Jaylah thought about it for a moment. ‘You’d say anasa whyra tolhi.’
‘And what does that mean?’
‘It means… they are climbing the other person’s signal tower.’
‘Anasa wyra toli?’
‘No, whyra tolhi.’
‘Anasa whyra tolhi?’
Nyota smiled, satisfied. ‘I like the way it sounds. Will you teach me?’
‘You want to learn? When will it be useful? Who would you talk to?’
‘I’ll talk to you,’ said Nyota. ‘Don’t you miss it?’
Jaylah looked down at the list of phrases they were looking through. ‘Of course,’ she said.
‘We don’t have to,’ said Nyota. ‘if it makes you sad.’
Jaylah sighed. ‘Let’s try. I think it will be… a good sad. A remembering sad.’
* * *
It was a fascinating language, and Nyota picked it up quickly, but Jaylah still laughed at her mistakes, encouraged by Nyota’s own reactions. Nyota thought it was good for her to see that it was safe to get it wrong while they practised together.
‘You just told me you like eating shoes, not cake!’ Jaylah said, during one of their sessions. ‘You need to make the noise in your throat, not up near your nose. It is a normal mistake though. We have a children’s song about it. I will sing it to you.’
She cleared her throat and sang. It was a lilting melody with a strong, rhythm – Jaylah beat it against her knees with her hands as she sang. Nyota listened hard, trying to work out where the words began and ended.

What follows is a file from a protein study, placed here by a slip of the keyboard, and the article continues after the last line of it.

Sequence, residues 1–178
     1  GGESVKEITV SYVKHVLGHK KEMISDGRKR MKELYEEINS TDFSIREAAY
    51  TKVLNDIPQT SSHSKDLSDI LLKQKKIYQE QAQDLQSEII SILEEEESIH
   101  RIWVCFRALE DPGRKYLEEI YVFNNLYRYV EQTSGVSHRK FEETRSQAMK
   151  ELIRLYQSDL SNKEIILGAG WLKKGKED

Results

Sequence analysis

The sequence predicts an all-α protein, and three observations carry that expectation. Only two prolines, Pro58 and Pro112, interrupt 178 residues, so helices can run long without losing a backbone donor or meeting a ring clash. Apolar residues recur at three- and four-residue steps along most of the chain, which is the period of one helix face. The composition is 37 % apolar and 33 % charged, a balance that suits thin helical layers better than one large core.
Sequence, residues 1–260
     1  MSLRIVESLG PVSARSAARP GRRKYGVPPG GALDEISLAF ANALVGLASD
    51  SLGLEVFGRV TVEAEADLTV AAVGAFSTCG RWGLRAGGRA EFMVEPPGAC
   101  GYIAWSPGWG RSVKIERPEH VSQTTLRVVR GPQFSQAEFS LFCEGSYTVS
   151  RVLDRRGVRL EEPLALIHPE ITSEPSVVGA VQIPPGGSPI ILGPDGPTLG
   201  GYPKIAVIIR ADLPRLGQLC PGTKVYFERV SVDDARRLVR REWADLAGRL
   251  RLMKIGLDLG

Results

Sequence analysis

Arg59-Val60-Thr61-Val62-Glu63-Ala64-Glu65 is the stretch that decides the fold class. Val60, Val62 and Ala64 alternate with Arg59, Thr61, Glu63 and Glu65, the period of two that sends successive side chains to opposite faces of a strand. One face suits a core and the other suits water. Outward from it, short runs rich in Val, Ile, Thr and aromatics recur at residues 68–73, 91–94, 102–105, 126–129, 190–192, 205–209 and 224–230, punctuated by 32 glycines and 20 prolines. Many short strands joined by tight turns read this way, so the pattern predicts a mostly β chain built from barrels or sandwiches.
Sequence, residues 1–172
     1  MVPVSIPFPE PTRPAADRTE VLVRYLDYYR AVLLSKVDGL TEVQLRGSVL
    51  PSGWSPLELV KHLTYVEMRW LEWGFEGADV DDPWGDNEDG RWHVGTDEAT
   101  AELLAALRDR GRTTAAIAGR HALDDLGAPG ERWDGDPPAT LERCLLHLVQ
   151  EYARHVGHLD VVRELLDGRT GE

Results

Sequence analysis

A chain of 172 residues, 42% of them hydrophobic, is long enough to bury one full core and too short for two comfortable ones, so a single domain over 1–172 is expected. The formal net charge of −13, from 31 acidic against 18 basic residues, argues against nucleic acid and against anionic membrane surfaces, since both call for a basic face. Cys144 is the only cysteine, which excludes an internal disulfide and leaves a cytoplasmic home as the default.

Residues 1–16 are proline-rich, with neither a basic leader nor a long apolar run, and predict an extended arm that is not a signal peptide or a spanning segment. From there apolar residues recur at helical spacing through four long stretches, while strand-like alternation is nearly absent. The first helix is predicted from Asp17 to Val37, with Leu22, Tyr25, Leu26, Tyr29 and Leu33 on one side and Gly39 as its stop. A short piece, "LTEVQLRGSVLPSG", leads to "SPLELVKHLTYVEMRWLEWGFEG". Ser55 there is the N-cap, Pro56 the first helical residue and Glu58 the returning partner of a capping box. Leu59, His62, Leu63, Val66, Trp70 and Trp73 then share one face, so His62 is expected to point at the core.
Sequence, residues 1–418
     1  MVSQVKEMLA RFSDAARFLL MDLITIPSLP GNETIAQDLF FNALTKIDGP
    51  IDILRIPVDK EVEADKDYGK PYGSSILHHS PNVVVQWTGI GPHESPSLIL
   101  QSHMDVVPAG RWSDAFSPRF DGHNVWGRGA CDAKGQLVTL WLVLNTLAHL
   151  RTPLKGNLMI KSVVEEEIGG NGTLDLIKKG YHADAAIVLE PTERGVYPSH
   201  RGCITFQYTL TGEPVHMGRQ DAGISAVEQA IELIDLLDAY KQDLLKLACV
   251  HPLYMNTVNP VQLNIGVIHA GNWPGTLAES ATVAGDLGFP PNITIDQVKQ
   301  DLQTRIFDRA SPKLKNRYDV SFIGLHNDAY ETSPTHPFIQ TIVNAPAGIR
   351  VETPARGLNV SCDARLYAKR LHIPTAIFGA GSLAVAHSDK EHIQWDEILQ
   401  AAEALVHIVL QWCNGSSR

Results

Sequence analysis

‘I will write it down phonetically for you,’ said Jaylah. ‘Then we can try again. Then perhaps you can sing me a children’s song from your language?’
‘You know,’ said Nyota, ‘Federation Standard isn’t really my language, even if I do speak it fluently. The language I was raised with is Swahili.’
‘Swahili,’ said Jaylah, trying out the sounds. ‘What is it like?’
‘It’s beautiful,’ said Nyota. ‘Listen to this: Maua mazuri yapendeza, ukiyatazama yanameremeta, hakuna limoja lisilo pendeza.’
‘What is that?’ Jaylah asked.
‘It’s a children’s rhyme. It’s about beautiful flowers. Here, I’ll sing it.’
Nyota sang it through once, and the second time Jaylah tried to join in, catching the melody and humming the parts where she didn’t remember the words.
‘Does anyone else on the Enterprise speak Swahili?’ she asked, when they stopped.
Nyota shook her head. ‘Just me. I only speak it in my messages home.’
‘And now you speak it to me.’
They smiled at each other.
* * *
Jaylah went to the Academy. Nyota shipped out on the new Enterprise. Messages flew back and forth between them, in Federation Standard, Swahili and Medaht.
‘I had an engineering lecture today,’ Jaylah said in her most recent message, ‘and I recorded it, like I always do, but I didn’t need to listen to the recording afterwards – I understood everything first time. That’s a… what do you call it? A milestone. I looked that up. One of your funny human things. I like it. Don’t forget – you were going to send me another song in Swahili, after the one I sent you last time. I’m looking forward to hearing it!’
The message ended. Nyota smiled, and touched the button that would begin her recording.